Q&A: Jerome Bettis

Two weeks ago, Jerome Bettis was the forgotten man in overtime against Jacksonville. But Steelers coach Bill Cowher admitted his error and gave Bettis 13 carries Sunday in Cincinnati. Bettis now has 114 yards on 34 carries (3.4) as his role in the offense continues to evolve.


Are you getting comfortable in your role?
Yeah, I've been comfortable in it, two years now.

What exactly is your role?
It's backing up, being the spot guy.

Do they have a plan for when you come in? How do they do it?
I wish I could tell you.

But, you're comfortable with it?
Yeah, I'm fine. I mean I understand games are going to work different. That's why I wasn't mad after the Jacksonville game. I was disappointed I didn't go in in that situation, because I believe I'm a situational player now. And that's fine. So when the situation arises for me to go in the game, then I would think I would go in.

That's my point. You don't really have a situation now.
I do. I do. Short yardage, goal line, tough yards.

So did they just screw up against Jacksonville?
Yeah. That's what I'm saying: That's my role. That's why I was disappointed I wasn't able to go in because that's my role. If there's no other point in the game, that's fine, but in those situations, where you need a couple tough yards, that's what I'm here for.

Bill said he made a mistake. Did he say it to you personally?
Yeah, we talked about it. We talked. But the point is: That's my role, first and foremost. So if I don't play at all, if we don't get into third-down-and-shorts and those type of situations, than hey.

My feeling is Ken Whisenhunt wanted to run that flip play with Willie Parker. He didn't get it in all game and he was determined to use it. What do you think?
But that was on third down.

Could he have been setting it up on first and second down?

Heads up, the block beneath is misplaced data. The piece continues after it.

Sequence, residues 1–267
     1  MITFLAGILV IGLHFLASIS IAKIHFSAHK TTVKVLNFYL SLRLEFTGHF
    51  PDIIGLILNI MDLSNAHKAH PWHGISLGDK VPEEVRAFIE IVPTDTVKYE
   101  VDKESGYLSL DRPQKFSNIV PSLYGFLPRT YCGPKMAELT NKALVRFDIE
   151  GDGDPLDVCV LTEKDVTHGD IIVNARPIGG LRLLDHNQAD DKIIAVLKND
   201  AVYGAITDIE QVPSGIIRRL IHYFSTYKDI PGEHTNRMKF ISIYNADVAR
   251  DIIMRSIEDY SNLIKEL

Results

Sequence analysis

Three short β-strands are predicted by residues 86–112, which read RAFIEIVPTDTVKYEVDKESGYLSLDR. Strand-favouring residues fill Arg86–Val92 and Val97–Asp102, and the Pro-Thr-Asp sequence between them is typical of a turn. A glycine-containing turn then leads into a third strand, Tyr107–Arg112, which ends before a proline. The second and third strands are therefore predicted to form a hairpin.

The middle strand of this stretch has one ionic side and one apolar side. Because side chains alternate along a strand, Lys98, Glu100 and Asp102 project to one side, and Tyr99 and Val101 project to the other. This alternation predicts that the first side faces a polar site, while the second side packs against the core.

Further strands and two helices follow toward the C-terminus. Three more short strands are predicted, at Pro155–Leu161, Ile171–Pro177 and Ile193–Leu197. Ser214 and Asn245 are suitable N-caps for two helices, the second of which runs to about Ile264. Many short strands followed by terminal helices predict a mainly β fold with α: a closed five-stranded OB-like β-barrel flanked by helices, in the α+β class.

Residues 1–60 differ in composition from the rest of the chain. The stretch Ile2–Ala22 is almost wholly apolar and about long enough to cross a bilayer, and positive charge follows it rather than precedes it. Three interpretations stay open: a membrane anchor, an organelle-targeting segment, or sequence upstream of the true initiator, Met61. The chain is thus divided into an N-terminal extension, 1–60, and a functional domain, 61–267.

No. I don't think you need to set that play up. No.

In 1995, Bam Morris and Erric Pegram rotated, but the bigger back started and he softened the defense up and it worked. Why don't they do it that way now?
You've got to understand there are two things at work here: One is I'm old, not that I think it's much of an issue; the second thing is you've got to think about the future in the sense you need a guy ready for when I'm not going to be here. So you need a guy to get the work in. I'm the safety (valve). When all else fails, guess what? ‘We can always go to him.' See what I'm saying?

Isn't that unfair to consistently be bailing people out?
No, because physically it would be hard for me to do it for 16 weeks. Realistically, it would be hard. So it's better this way because in November, December, when you need to crunch, when you've got those games where there's not going to be a whole lot of daylight, guess what? If they need me for that whole game, I can play that whole game because I'll be fresh. So I think that's more of a benefit. If you see less of me now, hopefully you'll see more of me later, possibly. But that might not be the case either, but I think that's the idea.

But still, shouldn't you have a role?
I have a role.

Shouldn't you at least know when you're going to go in?
I do.

But you entered in the second quarter last week and it wasn't short yardage.
That was just a change of pace. You can always understand that with a running back. They want to get something different going. They'll just throw you in to see what happens. So it's a change of pace. My role, though, is short yardage, late game. I can still get it done. That's not the issue. The issue is 'when can we slip him in there and see how he does?' A defense might be game-planning for Willie and so you pound Bettis in there and you see how that works. It's just a change-up and it's a good thing. It's not a bad thing. If it was a bad thing, believe me, I'd be (complaining) about it.

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